# Database I, année 2023

The goal of this lab is to discover the algorithms behind JOINs and to analyze the complexity.

We are going to play with synthetic data that we are going to generate.

import string, random

def rand_str(k: int):
""" generate a random string """
return ''.join(random.choices(string.ascii_letters, k=k))

print("This is a random string of size 10", rand_str(10))
This is a random string of size 10 rhjIFciShT
1. Complete the code of the following function
def random_relation(size: int, id_size: int, value_size: int):
"""
Generate a relation of arity 2 with size rows of string
with the first component contains string of length id_size
and the second component, string of length value_size

Should returns an iterator of couple of str.

Example
-------
>>> list(random_relation(2, 2, 4))
[('yW', 'lOep'), ('Gh', 'ZzWn')]
"""
...
1. Write down a function cartesian_product(R1, R2) that perform the cartesian product of two such relations.

For instance with:

R1 = [('gL', 'eZyH'), ('Db', 'pSDa')]
R2 = [('ai', 'GTxZ'), ('QX', 'iREd'), ('Wy', 'emon')]

the functon cartesian_product(R1, R2) should returns:

[('gL', 'eZyH', 'ai', 'GTxZ'),
('gL', 'eZyH', 'QX', 'iREd'),
('gL', 'eZyH', 'Wy', 'emon'),
('Db', 'pSDa', 'ai', 'GTxZ'),
('Db', 'pSDa', 'QX', 'iREd'),
('Db', 'pSDa', 'Wy', 'emon')]
1. Write down a naïve algorithm that perform the join of two such relations on equality of the first columns.

2. Plot the time taken by performing naive joins between two random relations with the following constraints:

• One plot with the first relations being of size $$n$$ and the second of size $$n^2$$
• One plot with the two relations beings of the same size.

Takes some time to check the appropriate value for $$n$$.

1. Perform a complexity analyzis of the problem

# Sort JOIN

When two relations are sorted by their join conditions, it is possible to improve a lot the performances. Write down a SortedJoin function that:

1. Sort the relations
2. Perform a $$O(n+k)$$ algorithm on the sorted relations with $$n$$ and $$k$$ the size of the relations.
• What is the complexity of the resulting implementations?
• Compare the performance with the previous implementations

# Indexed Join

An index allows to retrive efficiently a row when given the id (here the first component). It is (excessively) easy to do that in Python with a dict.

Build a function IndexedJoin that compute the index for the smaller relations, then go through the largest one with the index to compute the join.

• What is the complexity of the resulting implementations?
• Compare the performance with the previous implementations

Correction

# Too big

The following function can dump into a file a relation of arbitrary size.

def dump_relation(file_name, R):
"""
Dump the relation into a tabulated separated file.
R can be a relation or an iterator """

with open(file_name, "w") as f:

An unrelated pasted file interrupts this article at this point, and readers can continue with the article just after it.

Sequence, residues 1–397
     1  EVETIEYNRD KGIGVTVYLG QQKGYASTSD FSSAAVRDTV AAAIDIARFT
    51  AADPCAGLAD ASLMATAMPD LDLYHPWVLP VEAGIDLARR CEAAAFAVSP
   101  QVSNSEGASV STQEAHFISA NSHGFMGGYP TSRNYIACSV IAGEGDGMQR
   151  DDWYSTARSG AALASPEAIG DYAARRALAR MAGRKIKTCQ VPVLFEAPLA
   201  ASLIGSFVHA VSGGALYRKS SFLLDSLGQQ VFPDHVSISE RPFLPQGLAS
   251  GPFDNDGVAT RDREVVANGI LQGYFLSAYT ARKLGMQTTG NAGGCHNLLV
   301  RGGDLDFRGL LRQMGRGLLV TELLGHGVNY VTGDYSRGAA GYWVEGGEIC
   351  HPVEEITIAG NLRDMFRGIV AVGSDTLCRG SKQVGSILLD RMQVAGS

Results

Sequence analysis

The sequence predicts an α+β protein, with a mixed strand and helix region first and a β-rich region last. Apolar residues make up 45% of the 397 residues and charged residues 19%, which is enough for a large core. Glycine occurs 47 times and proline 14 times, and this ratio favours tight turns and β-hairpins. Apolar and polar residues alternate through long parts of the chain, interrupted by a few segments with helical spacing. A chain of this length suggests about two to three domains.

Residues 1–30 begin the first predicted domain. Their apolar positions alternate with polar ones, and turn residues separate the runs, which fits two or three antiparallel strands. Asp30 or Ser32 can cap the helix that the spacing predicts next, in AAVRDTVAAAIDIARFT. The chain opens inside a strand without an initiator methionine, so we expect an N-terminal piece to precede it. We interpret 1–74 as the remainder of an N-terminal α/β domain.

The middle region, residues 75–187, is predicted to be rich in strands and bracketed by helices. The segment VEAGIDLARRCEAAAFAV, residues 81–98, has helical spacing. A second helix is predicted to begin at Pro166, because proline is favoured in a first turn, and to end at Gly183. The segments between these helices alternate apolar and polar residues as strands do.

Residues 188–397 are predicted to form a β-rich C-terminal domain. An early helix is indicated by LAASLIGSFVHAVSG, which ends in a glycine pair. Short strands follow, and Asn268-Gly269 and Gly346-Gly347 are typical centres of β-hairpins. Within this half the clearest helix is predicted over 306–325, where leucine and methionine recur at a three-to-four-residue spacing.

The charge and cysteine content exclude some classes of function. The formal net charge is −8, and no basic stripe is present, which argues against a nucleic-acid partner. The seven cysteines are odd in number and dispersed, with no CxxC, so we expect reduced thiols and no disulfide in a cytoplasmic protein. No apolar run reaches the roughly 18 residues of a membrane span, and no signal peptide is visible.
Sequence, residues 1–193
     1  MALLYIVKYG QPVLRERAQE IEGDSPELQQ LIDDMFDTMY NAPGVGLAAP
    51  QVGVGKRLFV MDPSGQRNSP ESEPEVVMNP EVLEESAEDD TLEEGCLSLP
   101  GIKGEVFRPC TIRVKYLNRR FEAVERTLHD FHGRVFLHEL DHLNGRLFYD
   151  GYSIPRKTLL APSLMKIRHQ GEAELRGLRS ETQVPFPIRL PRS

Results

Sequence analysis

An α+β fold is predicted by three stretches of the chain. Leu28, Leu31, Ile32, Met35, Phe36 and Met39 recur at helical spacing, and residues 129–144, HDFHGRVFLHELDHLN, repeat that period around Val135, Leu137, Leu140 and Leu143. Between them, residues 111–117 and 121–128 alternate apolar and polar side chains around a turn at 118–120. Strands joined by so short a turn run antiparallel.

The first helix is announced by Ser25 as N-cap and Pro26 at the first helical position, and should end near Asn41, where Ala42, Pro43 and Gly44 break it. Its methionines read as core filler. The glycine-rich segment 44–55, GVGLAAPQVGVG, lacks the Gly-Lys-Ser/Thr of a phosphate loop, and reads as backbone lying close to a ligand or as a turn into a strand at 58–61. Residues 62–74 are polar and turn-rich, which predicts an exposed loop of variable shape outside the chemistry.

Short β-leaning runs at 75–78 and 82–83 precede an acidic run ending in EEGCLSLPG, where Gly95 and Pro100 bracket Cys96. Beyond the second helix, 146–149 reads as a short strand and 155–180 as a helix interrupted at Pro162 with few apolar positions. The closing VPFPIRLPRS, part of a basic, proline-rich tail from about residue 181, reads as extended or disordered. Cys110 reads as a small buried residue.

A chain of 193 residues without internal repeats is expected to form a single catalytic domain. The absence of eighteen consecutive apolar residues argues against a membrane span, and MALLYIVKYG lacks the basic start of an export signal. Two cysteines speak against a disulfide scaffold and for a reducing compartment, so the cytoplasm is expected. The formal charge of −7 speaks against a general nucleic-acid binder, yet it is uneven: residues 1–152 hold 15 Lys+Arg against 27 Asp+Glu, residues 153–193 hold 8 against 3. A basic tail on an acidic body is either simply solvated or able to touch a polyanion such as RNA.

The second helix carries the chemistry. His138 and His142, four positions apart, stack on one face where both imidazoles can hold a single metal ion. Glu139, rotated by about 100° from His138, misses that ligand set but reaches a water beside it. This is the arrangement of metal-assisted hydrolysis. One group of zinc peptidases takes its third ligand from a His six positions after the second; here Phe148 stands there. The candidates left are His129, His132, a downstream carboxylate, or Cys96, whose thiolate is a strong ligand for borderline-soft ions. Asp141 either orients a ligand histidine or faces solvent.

for a,b in R:
f.write(f"{a}\t{b}\n")

with open(file_name) as f:
yield from map(str.split, filter(bool, f))

We are going to hack a bit the random_relation function to amplify its size to makes those exercice a bit harder.

def inflate_relation(R, factor):
yield from ((a, b*factor) for a, b in R)

Then you can generate two huge relations written on disk as follows dump_relation("/path/to/your/file", inflate_relation(random_relation(10**6, 3, 50), 100))

Be carefull if you have limited space on your computer as the file will be of 5Go per file. Adjust the parameter if this is too big for your computer and don’t forget to delete them after!

If you have adjusted well the parameter, the list(load_relation("path/to/your/file") should make a memory error and kill python. You can’t hold all the data in memory and need to perform your JOIN more smartely.

Try to perform a JOIN between two two big relations

# Introduction to SQLite

SQLite is a proto database very usefull to execute SQL within any programs. The database itself is a single file that can be shared easily. In this lecture, we will use the lastest version: sqlite3 before moving on to PostgreSQL. You can use sqlite with:

• Python/Jupyter Notebook and the
• The command line (sqlite3 command on linux and other utilities on Windows)
• Graphical interfaces like: https://sqlitebrowser.org/dl/

## Python usage

Within a Python script you can use:

import sqlite3
# db = sqlite3.connect("path/to/some/file.db")
db = sqlite3.connect(":memory:") # create the database in memory only
c = db.cursor()
c.execute("SELECT 1,'a' UNION SELECT 2, 'b')
for x,y in c:
print(x,y)

## Command line usage

sqlite3 path/to/some/file.db  'SELECT 1,"a" UNION SELECT 2, "a"'
Error: unable to open database "path/to/some/file.db": unable to open database file

## Graphical interfaces

I HAVE NO CLUE.

You can use executemany instead of execute to accelerate populating a table